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July 6, 2012
A third of kids in U.S. public elementary schools can buy such beverages as sports drinks and full-fat milk at school, according to a study looking at wellness policies in schools. And that's an improvement, the researchers said. “Elementary schools across the country are improving the beverage landscape, showing that change is possible and it's already happening,” the lead author, Lindsey Turner, said in a statement. The work is part of an effort funded by the Robert Wood Johnson Foundation; it was published this month in the Archives of Pediatrics and Adolescent Medicine.
August 10, 1988 | JAMES F. SMITH, Times Staff Writer
"Yerba mate raises morale, sustains the muscular system, augments strength and allows one to endure privations. In a word, it is a valiant aid." --French Society of Hygiene, 1909 Millions of aficionados are almost mystical in their devotion to a pungent South American beverage brewed from the leaves of a tree. Sipped alone, yerba mate offers solace. Shared among friends, it is a communal rite.
Vigilant consumers who make a habit of studying their sales receipts may have recently noticed a few extra pennies tacked on to the prices of their Snapple, Arrowhead or Frappuccino bottles. It's not a cashier's mistake. It's the California redemption value, or CRV, a refundable deposit that Californians have been paying for years on beer, soft-drink and wine-cooler containers, whether they realized it or not. Now, because of legislation that took effect Jan.
February 24, 1991
I feel I should comment on the letter to the editor from Michael E. Tscheekar (Jan. 6) pointing out that alcoholic beverages brought into the country on common carrier are only subject to federal regulation. His contention is correct, as far as it goes. But Customs enforces state as well as federal alcoholic beverage control laws. In California, where a vast majority of people entering the country are at land border ports and not traveling by common carrier, the state law applies.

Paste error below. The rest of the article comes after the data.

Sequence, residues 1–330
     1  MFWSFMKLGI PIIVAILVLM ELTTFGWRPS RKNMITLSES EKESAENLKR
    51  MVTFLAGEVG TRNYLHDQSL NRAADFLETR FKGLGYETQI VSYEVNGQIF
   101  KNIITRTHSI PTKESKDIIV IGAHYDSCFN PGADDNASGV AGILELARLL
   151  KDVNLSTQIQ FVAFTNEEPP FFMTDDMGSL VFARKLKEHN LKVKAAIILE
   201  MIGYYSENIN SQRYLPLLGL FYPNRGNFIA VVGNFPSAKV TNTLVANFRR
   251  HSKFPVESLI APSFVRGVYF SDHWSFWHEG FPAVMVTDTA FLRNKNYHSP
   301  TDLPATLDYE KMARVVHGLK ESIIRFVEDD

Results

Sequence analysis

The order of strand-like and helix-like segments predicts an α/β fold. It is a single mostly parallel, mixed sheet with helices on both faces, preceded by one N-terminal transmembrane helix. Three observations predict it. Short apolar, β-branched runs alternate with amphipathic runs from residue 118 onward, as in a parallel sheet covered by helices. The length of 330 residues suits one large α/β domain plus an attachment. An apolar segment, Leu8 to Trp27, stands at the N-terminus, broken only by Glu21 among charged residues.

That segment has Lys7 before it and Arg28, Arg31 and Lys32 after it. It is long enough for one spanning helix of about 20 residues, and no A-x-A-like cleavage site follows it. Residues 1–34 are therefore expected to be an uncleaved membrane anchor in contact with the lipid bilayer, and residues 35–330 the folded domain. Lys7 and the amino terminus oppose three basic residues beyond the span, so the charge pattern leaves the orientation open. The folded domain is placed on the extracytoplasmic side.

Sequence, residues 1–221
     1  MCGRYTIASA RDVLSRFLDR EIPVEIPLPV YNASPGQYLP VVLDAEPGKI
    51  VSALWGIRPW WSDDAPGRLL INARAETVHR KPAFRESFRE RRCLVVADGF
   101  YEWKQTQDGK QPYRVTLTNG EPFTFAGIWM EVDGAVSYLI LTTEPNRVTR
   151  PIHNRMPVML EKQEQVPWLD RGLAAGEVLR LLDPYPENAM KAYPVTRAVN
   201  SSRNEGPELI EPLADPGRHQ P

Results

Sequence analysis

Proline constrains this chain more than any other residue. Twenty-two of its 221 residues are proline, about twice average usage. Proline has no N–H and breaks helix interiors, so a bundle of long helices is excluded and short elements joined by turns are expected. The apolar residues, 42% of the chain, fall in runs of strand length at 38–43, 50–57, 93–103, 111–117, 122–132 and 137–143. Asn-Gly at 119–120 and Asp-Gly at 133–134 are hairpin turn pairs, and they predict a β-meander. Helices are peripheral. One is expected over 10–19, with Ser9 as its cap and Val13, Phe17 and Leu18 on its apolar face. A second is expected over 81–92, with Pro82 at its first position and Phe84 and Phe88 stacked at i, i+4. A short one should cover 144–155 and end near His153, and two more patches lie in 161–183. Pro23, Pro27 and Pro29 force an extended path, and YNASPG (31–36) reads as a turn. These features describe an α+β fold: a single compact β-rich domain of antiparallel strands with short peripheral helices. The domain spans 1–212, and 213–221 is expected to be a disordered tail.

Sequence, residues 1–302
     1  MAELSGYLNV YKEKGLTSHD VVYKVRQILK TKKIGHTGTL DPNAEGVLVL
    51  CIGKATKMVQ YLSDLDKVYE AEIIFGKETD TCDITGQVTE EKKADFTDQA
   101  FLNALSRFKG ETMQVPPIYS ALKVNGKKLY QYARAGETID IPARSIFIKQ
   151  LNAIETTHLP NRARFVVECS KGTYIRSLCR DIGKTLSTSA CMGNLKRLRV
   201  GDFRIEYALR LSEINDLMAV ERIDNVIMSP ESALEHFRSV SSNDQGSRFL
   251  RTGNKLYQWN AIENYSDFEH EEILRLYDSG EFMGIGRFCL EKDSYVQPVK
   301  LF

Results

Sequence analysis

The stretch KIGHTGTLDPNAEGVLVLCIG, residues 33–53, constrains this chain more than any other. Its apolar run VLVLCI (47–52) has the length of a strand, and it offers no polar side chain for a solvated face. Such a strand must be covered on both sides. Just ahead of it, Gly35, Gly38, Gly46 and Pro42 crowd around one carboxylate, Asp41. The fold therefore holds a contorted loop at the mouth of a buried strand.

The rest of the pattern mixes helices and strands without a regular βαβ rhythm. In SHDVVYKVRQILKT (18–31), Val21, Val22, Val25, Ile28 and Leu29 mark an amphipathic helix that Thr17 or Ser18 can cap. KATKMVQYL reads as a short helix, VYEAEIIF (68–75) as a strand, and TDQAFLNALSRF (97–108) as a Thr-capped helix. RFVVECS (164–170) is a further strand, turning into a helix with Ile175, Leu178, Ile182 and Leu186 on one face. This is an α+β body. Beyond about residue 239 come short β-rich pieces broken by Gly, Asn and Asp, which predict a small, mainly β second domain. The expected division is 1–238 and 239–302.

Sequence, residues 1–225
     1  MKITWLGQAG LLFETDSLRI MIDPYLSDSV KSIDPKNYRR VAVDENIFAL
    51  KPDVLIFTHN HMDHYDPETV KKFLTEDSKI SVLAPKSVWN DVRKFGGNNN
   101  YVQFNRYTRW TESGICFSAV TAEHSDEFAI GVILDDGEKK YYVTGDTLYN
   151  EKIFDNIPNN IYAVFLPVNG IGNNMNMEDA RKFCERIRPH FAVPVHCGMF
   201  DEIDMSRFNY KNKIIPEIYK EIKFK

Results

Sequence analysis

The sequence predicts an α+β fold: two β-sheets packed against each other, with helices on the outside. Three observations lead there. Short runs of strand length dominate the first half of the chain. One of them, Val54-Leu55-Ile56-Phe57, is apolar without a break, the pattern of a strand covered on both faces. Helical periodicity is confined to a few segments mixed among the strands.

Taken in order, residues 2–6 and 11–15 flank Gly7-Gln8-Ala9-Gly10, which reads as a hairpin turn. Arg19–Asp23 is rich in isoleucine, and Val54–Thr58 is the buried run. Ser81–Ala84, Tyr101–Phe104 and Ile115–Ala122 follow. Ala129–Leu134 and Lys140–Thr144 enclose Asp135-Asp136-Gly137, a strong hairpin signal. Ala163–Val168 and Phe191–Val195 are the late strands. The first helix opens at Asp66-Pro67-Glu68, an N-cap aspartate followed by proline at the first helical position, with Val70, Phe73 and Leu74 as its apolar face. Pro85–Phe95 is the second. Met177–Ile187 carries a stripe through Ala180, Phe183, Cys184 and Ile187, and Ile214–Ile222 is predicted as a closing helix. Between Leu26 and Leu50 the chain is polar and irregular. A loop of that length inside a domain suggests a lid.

February 6, 1992
Sylvain Fribourg's letter Jan. 25 ("Nude Dancing and Art") described the artistic and social benefits that the Extasy nude dancing club offers the people of Northridge. Fribourg is fortunate to have such aesthetic cravings for beauty satisfied so cheaply. The truth is, these visual whorehouses are often rats' nests for crime and illicit activities. I have been in a few of these places and they were virtual supermarkets for illegal drugs, prostitution, and occasionally the illegal sale of alcoholic beverages.
January 10, 2010 | By Amanda Jones
GETTING THERE From LAX, Emirates, British Airways and Malaysia Airlines offer connecting service (change of planes) to Malé. Restricted round-trip fares begin at $1,105. WHERE TO STAY Six Senses by Soneva Gili, doubles from $1,330 a night, The Banyan Tree Madivaru, $3,340 a night for room, meals and select beverages; The Beach House at Manafaru Maldives , doubles from $850 a night, breakfast included.
November 5, 2001
Trudy Lieberman deserves a junk science award for the misleading article "Got Soda? Why Kids Drink Less Milk" (Oct. 15). She childishly exaggerated about "zillions of empty calories" in soft drinks and claimed soft drinks are keeping kids from drinking milk. A recent study by Georgetown University researchers reported the average teenager consumes only about one can of soda a day--hardly enough to keep kids from other beverages. Many researchers report lack of exercise as the key factor in childhood obesity.
September 11, 1988
When a person is killed by an "underaged" drunk driver, when do we look to who sold those alcoholic beverages and where he or she bought it. Shall we begin to investigate how old the driver was when he or she started drinking? Alcohol is a drug that needs to be labeled. It should be sold in an appropriate manner, proportionate to the danger it poses to our society, especially our children. TRISHA ROTH Beverly Hills
September 13, 2012 | By David Lazarus
The war on fat-making, sugar-rushing sodas has begun. New York City's Board of Health, acting on the wishes of Mayor Michael Bloomberg, has adopted a rule banning sales of big sodas and other sugary drinks at restaurants, concession stands and other venues. The regulation puts a 16-ounce size limit on cups and bottles of non-diet soda, sweetened teas and other such bad-for-you beverages. Those needing an intense glucose fix can still obtain big-gulp-size drinks at supermarkets and convenience stores.
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